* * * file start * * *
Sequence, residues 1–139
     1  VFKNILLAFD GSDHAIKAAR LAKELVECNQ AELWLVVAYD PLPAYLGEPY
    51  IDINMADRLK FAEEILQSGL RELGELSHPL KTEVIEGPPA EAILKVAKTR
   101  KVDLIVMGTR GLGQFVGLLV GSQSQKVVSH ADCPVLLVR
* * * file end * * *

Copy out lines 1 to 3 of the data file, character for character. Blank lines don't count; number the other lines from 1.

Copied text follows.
Sequence, residues 1–139
     1  VFKNILLAFD GSDHAIKAAR LAKELVECNQ AELWLVVAYD PLPAYLGEPY
    51  IDINMADRLK FAEEILQSGL RELGELSHPL KTEVIEGPPA EAILKVAKTR